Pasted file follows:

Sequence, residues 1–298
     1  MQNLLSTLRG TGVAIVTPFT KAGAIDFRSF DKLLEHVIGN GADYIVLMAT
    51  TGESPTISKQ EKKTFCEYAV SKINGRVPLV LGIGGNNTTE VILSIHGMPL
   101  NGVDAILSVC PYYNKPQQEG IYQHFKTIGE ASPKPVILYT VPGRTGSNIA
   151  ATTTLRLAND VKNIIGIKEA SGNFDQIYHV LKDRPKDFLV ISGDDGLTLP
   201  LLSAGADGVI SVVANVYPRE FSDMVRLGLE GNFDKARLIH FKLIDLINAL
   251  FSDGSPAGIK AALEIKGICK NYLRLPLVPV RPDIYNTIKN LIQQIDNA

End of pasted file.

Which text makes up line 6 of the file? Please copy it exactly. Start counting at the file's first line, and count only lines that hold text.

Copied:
   201  LLSAGADGVI SVVANVYPRE FSDMVRLGLE GNFDKARLIH FKLIDLINAL